What process is best for these multiple camera scenarios?

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kayakfishingaddict

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What process is best for these multiple camera scenarios?

PostFri Nov 15, 2019 5:20 am

I’ve had nothing but fits with DR16 when dealing with multiple cameras, please, let me explain. First, I’m a newcomer to NLEs and editing videos. However, all I want to do is throw my footage at a tool, have that tool synchronize it, and then let me cut, trim, and select angles to my hearts content to produce a video. Unfortunately, that’s easier said than done. As for why it doesn’t work inside of DR, you can read the gory details in this thread (https://forum.blackmagicdesign.com/viewtopic.php?f=21&t=101649&p=568146#p568146)…and unfortunately, Syncaila, an excellent tool designed to overcome the synchronization shortcomings in native NLE software, also does not work due to a bug in DR; you can read the bug report in this thread (https://forum.blackmagicdesign.com/viewtopic.php?f=21&t=102594). So that’s the bad news.

The good news, is that DR forced me to do it a different way. A way that turns out to be somewhat efficient, although I’m not yet ready to concede that it’s more efficient than the “synchronize it all” approach! In addition, I haven’t yet figured out how my second scenario below is supposed to be done…your thoughts are appreciated!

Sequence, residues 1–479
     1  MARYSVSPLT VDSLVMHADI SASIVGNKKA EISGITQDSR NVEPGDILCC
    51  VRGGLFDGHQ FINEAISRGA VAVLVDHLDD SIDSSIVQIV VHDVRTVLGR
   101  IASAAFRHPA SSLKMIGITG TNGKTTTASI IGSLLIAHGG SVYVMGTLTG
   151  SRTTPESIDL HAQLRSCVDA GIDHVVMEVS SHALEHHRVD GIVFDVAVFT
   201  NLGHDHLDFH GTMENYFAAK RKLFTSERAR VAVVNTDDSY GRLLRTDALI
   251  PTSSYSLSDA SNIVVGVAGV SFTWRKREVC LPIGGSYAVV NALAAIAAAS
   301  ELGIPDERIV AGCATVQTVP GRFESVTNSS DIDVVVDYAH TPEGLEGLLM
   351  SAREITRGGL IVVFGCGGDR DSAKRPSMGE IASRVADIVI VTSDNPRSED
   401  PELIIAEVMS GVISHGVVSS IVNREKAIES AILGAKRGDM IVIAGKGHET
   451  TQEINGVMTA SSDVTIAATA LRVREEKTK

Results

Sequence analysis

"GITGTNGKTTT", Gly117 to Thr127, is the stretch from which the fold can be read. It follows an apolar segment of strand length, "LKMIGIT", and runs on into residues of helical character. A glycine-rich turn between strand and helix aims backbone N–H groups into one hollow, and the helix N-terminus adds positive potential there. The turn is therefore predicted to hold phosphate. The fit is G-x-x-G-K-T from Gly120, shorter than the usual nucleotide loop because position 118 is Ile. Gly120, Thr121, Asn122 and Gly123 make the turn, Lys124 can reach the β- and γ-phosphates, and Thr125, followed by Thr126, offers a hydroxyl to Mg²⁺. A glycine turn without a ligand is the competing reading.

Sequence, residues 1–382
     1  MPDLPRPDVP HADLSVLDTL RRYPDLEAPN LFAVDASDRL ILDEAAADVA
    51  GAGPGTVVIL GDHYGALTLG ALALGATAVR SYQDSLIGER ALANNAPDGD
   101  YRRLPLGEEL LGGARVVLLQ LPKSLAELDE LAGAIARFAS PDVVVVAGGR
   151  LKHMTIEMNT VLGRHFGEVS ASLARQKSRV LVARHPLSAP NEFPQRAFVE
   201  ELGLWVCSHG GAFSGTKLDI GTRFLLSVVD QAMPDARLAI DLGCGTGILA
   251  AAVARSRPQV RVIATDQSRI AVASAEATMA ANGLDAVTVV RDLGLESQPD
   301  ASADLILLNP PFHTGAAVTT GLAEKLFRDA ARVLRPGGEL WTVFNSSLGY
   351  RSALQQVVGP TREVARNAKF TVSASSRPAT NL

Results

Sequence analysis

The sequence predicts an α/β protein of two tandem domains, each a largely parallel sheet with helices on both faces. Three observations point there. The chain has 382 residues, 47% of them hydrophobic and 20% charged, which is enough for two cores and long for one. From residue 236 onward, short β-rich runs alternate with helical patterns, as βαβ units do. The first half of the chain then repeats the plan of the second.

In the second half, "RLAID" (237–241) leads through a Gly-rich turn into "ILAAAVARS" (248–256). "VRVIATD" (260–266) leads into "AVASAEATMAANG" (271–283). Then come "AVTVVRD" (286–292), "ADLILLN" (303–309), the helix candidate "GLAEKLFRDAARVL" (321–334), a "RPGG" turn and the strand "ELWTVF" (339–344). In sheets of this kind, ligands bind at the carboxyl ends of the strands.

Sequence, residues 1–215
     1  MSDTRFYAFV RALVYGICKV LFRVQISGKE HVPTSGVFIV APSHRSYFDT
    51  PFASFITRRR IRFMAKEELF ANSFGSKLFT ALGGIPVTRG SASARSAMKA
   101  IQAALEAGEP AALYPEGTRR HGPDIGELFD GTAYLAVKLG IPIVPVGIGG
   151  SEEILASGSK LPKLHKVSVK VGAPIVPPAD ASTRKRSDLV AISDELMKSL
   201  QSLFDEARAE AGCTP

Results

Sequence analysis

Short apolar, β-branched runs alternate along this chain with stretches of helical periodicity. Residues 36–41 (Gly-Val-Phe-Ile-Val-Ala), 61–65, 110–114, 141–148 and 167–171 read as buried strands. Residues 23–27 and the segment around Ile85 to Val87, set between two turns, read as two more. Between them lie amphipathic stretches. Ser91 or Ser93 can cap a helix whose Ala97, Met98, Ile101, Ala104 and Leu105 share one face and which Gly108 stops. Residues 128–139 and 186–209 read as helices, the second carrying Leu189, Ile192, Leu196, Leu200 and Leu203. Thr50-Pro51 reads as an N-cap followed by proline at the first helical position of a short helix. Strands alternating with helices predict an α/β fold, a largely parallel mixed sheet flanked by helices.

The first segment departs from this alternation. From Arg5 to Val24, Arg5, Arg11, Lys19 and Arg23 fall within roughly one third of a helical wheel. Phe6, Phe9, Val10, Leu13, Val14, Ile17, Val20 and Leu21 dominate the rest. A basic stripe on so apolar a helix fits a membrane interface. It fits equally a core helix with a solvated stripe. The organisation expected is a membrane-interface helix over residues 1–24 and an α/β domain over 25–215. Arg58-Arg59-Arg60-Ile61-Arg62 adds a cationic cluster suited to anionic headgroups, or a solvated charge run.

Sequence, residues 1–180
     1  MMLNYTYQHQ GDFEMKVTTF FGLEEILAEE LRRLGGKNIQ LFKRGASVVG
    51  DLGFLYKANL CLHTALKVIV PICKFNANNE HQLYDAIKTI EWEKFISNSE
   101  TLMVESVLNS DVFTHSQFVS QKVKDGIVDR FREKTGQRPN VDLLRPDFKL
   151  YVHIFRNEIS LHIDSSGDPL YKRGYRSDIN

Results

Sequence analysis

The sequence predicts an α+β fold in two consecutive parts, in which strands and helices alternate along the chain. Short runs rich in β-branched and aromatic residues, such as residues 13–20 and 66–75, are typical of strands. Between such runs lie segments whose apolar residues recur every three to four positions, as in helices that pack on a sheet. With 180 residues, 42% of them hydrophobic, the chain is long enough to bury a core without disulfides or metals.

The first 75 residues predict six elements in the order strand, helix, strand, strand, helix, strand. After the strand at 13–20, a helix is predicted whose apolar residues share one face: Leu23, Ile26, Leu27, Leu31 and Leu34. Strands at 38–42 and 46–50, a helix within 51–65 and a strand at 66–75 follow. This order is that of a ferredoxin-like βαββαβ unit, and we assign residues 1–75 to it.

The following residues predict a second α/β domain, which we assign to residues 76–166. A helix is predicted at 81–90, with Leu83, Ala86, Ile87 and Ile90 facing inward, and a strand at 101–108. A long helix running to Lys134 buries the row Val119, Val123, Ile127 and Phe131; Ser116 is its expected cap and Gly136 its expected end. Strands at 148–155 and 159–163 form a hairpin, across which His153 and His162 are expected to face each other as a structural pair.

Scenario #1: Two GoPro Cameras where there is some occasional overlap where both cameras are simultaneously on.
Some quick background might help. I kayak fish and have two Hero7’s that run on batteries. Most of the time one camera is on, unless I’m trying to conserve battery life or, more likely, the battery has drained. At times, my second camera is turned on to produce a second angle, mostly when catching fish.

After my failed attempts at my desired process, here’s one that finally worked for me in this scenario…

Solution
In this scenario, I’ve found it best to use the Edit Window and follow these steps:
    1. Import media and set media metadata (angle and camera)
    2. Sort the media pool clips by TC
    3. Work down through the media to roughly select in and out points
    4. When you encounter cam1 -> cam 2 clip overlaps, create a single multicam clip (sync audio) with only those two source clips
    5. Open the multicam timeline for your new clip and append other clips if necessary/overlap (e.g. subsequent GoPro chapters)